- Posted by: Peter
- Category: General News, New Member News, Policy and Regulatory Updates
The Act provides a two-tiered investment tax credit to biomass thermal systems for commercial, industrial and residential applications
WASHINGTON – June 14, 2019 – The Biomass Thermal Energy Council (BTEC) and the 140 members of the BTU Act Coalition submitted letters to the House Ways and Means Committee and the Senate Finance Committee Energy Working Group, urging inclusion of the Biomass Thermal Utilization Act of 2019 (“BTU Act” – HR.1479, S.628) as the committees address potential extensions of renewable energy tax incentives.
Coalition members represent a broad cross-section of stakeholders, including rural economic development interests, clean energy advocates, forest conservation interests, and manufacturers of advanced, high efficiency biomass heating technology and fuels from across America.
“Investment tax credits have expanded the deployment of numerous renewable energy technologies since 2005. It is time to extend this market-making tax policy to thermal energy from renewable biomass. Thermal energy represents about one-third of energy consumption in America,” said Jeff Serfass, BTEC Executive Director, “and the tax code has long recognized solar thermal and geothermal. We only seek similar recognition.”
The BTU Act extends to high efficiency, clean wood heating systems the investment tax credits that currently exist for every other renewable energy technology. Specifically, the BTU Act provides for a 30% investment credit against installed capital cost for residential biomass heating installations (section 25D of the internal revenue code), and a 15% or 30% credit against installed capital cost for business installations, depending on level of efficiency met by the system (IRC section 48).
Forests are facing increasing threats from insects, disease, wildfires, development pressures, and rapidly shifting markets. Private and public forests need new markets, especially for low grade wood. Community scale heating, combined heat and power and district heating projects will help build strong local markets in support of responsible stewardship of these lands. Absent new market innovation, these forest health issues put at risk the many benefits that Americans receive from our forests.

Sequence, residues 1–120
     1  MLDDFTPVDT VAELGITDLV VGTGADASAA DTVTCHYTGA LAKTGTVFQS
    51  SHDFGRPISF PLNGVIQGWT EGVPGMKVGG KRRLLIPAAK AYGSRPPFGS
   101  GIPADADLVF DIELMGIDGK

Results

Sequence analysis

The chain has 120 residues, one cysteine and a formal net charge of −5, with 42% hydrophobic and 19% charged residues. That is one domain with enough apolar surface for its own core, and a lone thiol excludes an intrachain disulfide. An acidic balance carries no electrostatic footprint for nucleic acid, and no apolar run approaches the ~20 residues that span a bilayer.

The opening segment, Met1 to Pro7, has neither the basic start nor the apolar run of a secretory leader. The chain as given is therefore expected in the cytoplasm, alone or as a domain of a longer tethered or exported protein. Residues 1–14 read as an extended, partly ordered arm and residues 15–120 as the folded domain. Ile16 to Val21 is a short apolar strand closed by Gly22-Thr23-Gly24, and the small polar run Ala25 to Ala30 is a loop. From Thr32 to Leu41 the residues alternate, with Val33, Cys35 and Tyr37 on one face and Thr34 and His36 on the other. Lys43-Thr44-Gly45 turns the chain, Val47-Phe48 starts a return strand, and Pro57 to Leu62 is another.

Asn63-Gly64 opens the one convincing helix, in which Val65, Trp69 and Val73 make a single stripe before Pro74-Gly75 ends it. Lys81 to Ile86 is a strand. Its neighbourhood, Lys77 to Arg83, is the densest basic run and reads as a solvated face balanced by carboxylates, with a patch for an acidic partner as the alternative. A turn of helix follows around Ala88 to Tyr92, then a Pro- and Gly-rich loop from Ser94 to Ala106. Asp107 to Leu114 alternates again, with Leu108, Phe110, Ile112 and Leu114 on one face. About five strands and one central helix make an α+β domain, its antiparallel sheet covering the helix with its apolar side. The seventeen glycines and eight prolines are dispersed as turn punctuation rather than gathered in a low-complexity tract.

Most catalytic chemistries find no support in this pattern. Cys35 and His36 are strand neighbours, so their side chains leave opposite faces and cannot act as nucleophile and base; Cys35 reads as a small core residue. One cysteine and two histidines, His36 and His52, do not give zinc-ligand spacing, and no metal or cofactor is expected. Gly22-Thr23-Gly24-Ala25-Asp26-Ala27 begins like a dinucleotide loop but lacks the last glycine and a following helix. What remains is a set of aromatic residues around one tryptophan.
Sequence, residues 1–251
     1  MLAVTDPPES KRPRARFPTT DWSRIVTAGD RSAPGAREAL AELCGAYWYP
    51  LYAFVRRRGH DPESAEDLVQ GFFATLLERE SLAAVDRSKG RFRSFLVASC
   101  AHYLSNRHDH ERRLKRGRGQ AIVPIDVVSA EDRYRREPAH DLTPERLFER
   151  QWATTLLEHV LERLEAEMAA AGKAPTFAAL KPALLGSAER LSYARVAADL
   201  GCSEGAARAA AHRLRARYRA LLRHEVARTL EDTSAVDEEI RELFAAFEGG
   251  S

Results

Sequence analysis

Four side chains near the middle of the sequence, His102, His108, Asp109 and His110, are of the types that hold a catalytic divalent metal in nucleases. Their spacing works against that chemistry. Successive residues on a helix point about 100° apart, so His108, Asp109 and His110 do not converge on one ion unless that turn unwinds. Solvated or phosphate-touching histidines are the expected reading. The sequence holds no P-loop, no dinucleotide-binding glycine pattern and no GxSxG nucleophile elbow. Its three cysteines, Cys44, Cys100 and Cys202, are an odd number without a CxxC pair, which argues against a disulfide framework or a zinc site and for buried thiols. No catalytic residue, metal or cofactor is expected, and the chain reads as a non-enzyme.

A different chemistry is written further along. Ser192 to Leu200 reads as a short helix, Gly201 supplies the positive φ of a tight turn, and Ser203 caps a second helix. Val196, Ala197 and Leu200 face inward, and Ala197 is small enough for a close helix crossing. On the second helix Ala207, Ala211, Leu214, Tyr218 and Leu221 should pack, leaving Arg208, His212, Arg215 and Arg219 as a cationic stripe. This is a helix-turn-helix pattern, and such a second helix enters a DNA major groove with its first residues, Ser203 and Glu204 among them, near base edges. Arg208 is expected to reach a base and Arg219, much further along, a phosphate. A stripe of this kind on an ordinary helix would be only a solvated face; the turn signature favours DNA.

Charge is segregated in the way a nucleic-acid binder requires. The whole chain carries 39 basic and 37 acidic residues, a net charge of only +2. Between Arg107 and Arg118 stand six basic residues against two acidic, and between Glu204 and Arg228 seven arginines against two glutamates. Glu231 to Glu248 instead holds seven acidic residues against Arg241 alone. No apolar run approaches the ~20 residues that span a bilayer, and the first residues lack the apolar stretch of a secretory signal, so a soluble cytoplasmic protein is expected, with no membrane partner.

Harnessing the potential of biomass thermal energy can increase rural economic development, job creation, and energy savings. When other heating fuels hit record highs in recent winters, modern wood heating systems provided cost savings of nearly 50% through utilizing fuels that come from our productive forests. The main hurdle that is precluding homeowners and businesses from converting to biomass thermal systems is the upfront capital costs of conversion. By granting a modest investment tax credit, Congress can break down that barrier and kickstart the market uptake of advanced wood heating technologies.
The letter to the House Ways and Means Committee is available here >>
The letter to the Senate Finance Committee Energy Working Group is available here >>
BTEC invites those who support advancing policies for modern wood heating to join BTEC and its Policy and Government Affairs coalition by contacting Peter Thompson (email@example.com) or call (202) 596-3974 x302
Link to this press release here >>
The Biomass Thermal Energy Council (BTEC) is an association of biomass fuel producers, appliance manufacturers and distributors, supply chain companies, and non-profit organizations that view biomass thermal energy and combined heat and power as renewable, responsible, clean, and energy-efficient pathways to meeting America’s energy needs and strengthening local economies. BTEC engages in research, education, and public advocacy for the fast-growing biomass thermal energy industry.